SharePoint 2010 - What does that mean for IT Pros?

So, it’s time to lift the curtain. For people at SharePoint Conference 2009, feel free to meet me on the site. For those IT administrators who can’t make it to Vegas, here’s something you should know about SharePoint 2010. Of course, you should check out  (link may not be activated yet) for IT Pro Evaluation Guide. Shane Young did a good job on this guide and he definitely should be given a credit. :)

If you are a new Administrator for SharePoint, you can try our free screencast series Getting Started with SharePoint 2010 on TechNet. It is done by 5 SharePoint MVPs, covers from level 50~300, 9 modules.

Installation and Upgrade Requirements

Requirements! Keep in mind that SharePoint 2010 is 64bit only, so it’s time to upgrade your server operating systems to x64. 64 bit architecture brings more memory support, not only the total amount of memory can be supported, but also how much memory that a single process can address. You can refer to the following two articles for 64bit benefit details and plan for upgrade.

Advantages of 64-bit hardware and software (Office SharePoint Server 2007)

Migrate an existing server farm to a 64-bit environment (Office SharePoint Server 2007)

Note: Nearly any server hardware you can find on the market after year 2005 is 64 bit capable.

Hardware requirement

I don’t want to go through the whole piece of hardware requirement, but just to point out some important things.

For production environment, the memory is recommended to be 8GB or above. SharePoint 2010 introduces a lot of new service applications, things like Visio service, Access service all consume memory. You can still run SharePoint with 4GB memory, or maybe even less, but for performance consideration you should give it more. After all, 16GB DDR2 FB-DIMM only costs ~400 dollars today (10/19/2009) on Newegg.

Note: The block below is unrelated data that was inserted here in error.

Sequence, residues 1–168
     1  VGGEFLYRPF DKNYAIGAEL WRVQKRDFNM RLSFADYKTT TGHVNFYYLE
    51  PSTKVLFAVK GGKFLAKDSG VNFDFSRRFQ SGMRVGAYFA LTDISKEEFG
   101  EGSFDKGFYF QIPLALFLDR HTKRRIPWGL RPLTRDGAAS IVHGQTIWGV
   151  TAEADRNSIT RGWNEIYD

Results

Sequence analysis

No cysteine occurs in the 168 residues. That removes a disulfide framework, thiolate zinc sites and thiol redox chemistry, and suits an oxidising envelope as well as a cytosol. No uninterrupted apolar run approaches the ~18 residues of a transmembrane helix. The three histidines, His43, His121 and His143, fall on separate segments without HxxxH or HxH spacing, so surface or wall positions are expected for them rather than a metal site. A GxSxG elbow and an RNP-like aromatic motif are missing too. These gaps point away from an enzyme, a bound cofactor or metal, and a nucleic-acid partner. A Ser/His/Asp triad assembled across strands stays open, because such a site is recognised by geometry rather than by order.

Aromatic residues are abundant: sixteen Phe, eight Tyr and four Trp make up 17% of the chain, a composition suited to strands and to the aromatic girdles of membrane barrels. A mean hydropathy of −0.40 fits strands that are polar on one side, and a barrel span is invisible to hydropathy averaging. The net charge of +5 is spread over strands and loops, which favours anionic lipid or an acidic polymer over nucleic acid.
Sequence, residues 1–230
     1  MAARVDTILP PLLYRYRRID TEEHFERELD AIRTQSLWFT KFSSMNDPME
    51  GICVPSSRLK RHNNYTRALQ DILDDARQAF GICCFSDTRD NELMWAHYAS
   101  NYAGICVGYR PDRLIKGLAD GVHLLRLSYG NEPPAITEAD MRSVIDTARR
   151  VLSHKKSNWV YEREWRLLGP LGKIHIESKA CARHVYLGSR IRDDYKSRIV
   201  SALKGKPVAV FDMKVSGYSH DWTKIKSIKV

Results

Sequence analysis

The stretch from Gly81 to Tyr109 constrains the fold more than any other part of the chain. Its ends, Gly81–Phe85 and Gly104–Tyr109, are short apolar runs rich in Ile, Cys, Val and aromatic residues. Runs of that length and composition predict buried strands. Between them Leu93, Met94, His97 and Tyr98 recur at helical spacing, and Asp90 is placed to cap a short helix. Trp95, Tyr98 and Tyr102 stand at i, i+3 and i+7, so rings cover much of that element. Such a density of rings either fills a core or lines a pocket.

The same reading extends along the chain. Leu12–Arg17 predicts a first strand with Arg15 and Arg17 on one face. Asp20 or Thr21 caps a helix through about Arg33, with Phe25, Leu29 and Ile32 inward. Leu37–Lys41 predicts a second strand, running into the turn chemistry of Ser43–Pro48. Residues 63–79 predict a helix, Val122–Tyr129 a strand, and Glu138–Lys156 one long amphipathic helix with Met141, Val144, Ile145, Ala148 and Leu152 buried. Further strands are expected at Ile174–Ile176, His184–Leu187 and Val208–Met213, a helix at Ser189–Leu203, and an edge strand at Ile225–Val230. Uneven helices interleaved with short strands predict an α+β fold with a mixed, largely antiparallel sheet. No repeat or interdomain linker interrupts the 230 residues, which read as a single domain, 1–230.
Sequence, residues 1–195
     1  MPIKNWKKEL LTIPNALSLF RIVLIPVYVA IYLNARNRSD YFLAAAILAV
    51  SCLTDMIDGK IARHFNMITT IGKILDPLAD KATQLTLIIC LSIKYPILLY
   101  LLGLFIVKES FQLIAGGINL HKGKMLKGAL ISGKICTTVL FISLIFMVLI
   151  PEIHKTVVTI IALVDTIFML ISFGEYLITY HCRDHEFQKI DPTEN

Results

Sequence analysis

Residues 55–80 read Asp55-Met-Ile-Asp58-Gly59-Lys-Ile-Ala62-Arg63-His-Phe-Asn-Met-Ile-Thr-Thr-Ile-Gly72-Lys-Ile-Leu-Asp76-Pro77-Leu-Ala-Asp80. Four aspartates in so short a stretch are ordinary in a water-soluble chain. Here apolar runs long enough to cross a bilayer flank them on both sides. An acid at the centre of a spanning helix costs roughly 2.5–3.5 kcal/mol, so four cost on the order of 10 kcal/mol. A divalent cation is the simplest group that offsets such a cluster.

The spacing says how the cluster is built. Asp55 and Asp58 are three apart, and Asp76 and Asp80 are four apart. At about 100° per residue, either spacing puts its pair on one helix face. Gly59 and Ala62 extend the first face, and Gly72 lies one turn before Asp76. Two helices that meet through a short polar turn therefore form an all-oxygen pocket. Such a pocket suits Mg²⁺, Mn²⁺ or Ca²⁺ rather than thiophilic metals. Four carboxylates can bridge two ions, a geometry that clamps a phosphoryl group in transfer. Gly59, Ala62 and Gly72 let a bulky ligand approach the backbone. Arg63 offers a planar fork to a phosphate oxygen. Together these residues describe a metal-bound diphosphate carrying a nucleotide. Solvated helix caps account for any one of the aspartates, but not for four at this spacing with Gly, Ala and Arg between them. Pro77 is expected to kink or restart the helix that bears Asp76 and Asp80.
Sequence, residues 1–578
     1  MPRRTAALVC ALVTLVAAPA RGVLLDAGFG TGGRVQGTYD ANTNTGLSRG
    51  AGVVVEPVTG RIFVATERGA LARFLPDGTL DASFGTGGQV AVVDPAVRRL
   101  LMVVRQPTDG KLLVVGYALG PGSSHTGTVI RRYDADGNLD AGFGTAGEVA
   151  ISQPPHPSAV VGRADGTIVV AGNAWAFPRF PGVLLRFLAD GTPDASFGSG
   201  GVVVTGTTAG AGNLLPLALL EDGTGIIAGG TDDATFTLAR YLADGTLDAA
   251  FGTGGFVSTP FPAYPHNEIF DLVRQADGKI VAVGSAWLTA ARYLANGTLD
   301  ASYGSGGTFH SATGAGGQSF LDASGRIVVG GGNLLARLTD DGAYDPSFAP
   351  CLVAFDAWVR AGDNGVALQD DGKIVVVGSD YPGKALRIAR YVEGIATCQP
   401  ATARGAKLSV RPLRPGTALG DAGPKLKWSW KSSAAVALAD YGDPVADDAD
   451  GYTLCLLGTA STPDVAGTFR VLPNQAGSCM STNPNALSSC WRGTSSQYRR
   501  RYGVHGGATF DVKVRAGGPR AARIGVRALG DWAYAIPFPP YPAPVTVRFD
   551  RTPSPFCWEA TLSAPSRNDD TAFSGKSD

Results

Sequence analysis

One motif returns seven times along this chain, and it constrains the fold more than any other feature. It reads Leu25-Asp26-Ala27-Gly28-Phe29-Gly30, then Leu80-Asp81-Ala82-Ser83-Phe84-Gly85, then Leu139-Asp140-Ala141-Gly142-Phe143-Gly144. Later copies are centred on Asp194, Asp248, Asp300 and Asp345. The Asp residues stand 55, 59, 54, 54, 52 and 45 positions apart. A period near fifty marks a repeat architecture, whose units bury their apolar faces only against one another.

Always use fast disk arrays for your SQL Server. Don’t install SQL Server on the same machine with SharePoint unless it’s not for production.

Software requirement

Operating System: Windows Server 2008 or Windows Server 2008 R2 (Patches will be installed with pre-req installer)

Developers can install SharePoint 2010 on Windows 7, but this should not be used in production.

Database: SQL Server 2005 SP3 with CU3 or SQL Server 2008 SP1 with CU2 or SQL Server 2008 R2 (still in beta but will be supported when RTM)

The following figure shows what will happen if you don’t have the correct CU applied on SQL Server.


.Net Framework version: 3.51 (.Net Framework 4 is not supported currently)

If you want to upgrade from SharePoint Server 2007, then you need to make sure at least service pack 2 is applied on the farm. Otherwise it will be blocked. The following figure is to show the logs when Upgrade-SPContentDatabase cmdlet is run on a database older than SP2 ( attached to the 2010 server farm.  The upgrade is blocked right away, because database schema did not meet the minimum requirement.


Client Browser Support

We made a great progress to replace ActiveX controls with AJAX and Silverlight, and made the pages compatible with the web standards, to support a broad selection of the browsers cross platforms.

Support Level Browser Jie’s Comments
Level 1 Internet Explorer 7 & 8, 32 bit Even you are running a 64 bit operating system, your Internet Explorer is 32 bit by default.
  Firefox 3.x on Windows, 32bit Yeah, Firefox jumps their versions quickly, we will have new support claims when they have new version 4 after testing work is done.
Level 2

Internet Explorer 7 & 8, 64 bit

Most of the time you won’t have this scenario.

Firefox 3.x on non-Windows

Linux, Mac…
  Safari Good for Mac and iPhone users
Level 3 Internet Explorer 6, Chrome, Opera… Some of the browsers might work, but since we did not test them, they are not supported.

Note: Mobile Browsers are supported with Mobile View.

Details of system requirements can be found here: (Link may not activated yet)

Improvements for IT Pros

Scale with Governance